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i need to implement the following query in SQL Server

select *
from table1
WHERE  (CM_PLAN_ID,Individual_ID)
IN
(
 Select CM_PLAN_ID, Individual_ID
 From CRM_VCM_CURRENT_LEAD_STATUS
 Where Lead_Key = :_Lead_Key
)

but the WHERE..IN clause allows only 1 column. How to compare 2 or more columns with another inner select?

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migrated from serverfault.com Jul 16 '09 at 9:18

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7 Answers

up vote 27 down vote accepted

You can make a derived table from the subquery, and join table1 to this derived table:

select * from table1 INNER JOIN 
(
   Select CM_PLAN_ID, Individual_ID
   From CRM_VCM_CURRENT_LEAD_STATUS
   Where Lead_Key = :_Lead_Key
) table2
ON 
   table1.CM_PLAN_ID=table2.CM_PLAN_ID
   AND table1.Individual=table2.Individual

This only works if table2 does not contain duplicate pairs of CM_PLAN_ID, Individual_ID (such as if it's the PK). Otherwise you'll need to use DISTINCT.

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2  
or more generally SELECT * FROM table INNER JOIN otherTable ON ( table.x = otherTable.a AND table.y = otherTable.b) –  ala Jul 16 '09 at 7:56
    
What about the multiple rows that would exist if table 2 is a child of table 1? And why LEFT JOIN? –  gbn Jul 16 '09 at 8:18
    
@gbn: Thanks, you're right. Fixed that. –  sleske Jul 16 '09 at 8:21
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If you want for one table then use following query

SELECT S.* 
FROM Student_info S
  INNER JOIN Student_info UT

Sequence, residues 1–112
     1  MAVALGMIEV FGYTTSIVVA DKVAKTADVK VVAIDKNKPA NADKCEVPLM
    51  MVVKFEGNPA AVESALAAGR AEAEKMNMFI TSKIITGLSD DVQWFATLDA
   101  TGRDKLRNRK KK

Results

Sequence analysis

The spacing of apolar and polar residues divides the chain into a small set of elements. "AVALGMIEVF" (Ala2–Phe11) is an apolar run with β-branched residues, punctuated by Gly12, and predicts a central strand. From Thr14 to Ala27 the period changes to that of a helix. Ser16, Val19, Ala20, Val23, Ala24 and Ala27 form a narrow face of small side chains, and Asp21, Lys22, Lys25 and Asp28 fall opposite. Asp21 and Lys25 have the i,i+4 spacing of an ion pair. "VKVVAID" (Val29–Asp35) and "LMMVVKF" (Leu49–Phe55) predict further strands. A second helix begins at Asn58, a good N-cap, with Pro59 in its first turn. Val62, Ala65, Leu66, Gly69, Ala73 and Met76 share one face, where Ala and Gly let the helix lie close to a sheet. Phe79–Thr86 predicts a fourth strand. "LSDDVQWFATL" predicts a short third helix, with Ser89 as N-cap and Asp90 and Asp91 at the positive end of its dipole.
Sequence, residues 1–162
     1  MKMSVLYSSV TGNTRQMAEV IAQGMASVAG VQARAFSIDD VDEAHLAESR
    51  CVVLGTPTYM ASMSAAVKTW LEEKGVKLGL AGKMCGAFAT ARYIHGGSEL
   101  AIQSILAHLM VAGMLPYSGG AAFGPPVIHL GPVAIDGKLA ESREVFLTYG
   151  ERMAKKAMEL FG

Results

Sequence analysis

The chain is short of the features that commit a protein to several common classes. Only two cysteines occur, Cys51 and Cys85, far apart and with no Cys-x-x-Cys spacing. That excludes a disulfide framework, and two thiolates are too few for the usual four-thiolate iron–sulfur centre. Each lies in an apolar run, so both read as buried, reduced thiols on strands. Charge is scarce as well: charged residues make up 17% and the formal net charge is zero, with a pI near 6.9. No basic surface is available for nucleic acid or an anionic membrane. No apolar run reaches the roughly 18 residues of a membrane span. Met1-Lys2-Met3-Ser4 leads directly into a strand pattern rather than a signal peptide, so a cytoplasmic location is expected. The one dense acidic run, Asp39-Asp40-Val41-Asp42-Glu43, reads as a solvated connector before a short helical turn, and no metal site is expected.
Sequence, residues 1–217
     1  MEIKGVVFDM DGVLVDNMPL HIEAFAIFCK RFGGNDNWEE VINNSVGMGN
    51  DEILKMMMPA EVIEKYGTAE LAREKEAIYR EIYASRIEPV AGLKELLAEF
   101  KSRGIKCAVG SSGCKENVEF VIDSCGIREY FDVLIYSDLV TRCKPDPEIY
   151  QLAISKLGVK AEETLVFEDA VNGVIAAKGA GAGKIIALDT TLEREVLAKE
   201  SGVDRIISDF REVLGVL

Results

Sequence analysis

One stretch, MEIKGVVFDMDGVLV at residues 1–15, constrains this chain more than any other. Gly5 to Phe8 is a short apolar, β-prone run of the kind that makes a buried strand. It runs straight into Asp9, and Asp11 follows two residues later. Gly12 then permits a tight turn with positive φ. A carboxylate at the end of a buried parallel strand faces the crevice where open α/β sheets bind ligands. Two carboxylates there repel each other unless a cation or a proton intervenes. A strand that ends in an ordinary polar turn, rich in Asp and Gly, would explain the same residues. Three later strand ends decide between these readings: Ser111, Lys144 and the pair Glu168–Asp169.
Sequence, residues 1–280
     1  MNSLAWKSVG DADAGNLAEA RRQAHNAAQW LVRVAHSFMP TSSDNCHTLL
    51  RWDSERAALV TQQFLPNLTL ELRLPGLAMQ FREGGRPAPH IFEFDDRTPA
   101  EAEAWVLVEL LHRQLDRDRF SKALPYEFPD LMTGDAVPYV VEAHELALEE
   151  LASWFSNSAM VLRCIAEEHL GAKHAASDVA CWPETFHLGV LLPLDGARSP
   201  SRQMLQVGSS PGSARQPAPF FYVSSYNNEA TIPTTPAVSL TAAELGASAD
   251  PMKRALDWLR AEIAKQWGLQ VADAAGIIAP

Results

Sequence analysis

ON S.id = UT.id
    AND S.studentName = UT.studentName
where S.id in (1,2) and S.studentName in ('a','b')

and table data as follow

id|name|adde|city
1   a   ad  ca
2   b   bd  bd
3   a   ad  ad
4   b   bd  bd
5   c   cd  cd

Then output as follow

id|name|adde|city
1   a   ad  ca
2   b   bd  bd
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Simple and wrong way would be combine two columns using + or concatenate and make one columns.

Select *
from XX
where col1+col2 in (Select col1+col2 from YY)

This would be offcourse pretty slow. Can not be used in programming but if in case you are just querying for verifying something may be used.

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2  
Indeed, and it can lead to errors, since e.g. 'ab' + 'c' = 'a'+'bc' –  Georg Scholz Aug 11 '13 at 18:17
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I founded easier this way

Select * 
from table1 
WHERE  (convert(VARCHAR,CM_PLAN_ID) + convert(VARCHAR,Individual_ID)) 
IN 
(
 Select convert(VARCHAR,CM_PLAN_ID) + convert(VARCHAR,Individual_ID)
 From CRM_VCM_CURRENT_LEAD_STATUS 
 Where Lead_Key = :_Lead_Key 
) 

Hope this help :)

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6  
Ouch, no index use here do to the string concat. –  mrdenny Feb 3 '11 at 21:38
3  
I've voted this down as it's plain dangerous! If CM_PLAN_ID = 45 and Individual_ID = 3 then concatenation results in 453 - which is indistinguishable from the case where CM_PLAN_ID = 4 and Individual_ID = 53... asking for trouble I would have thought –  El Ronnoco Feb 25 '13 at 16:23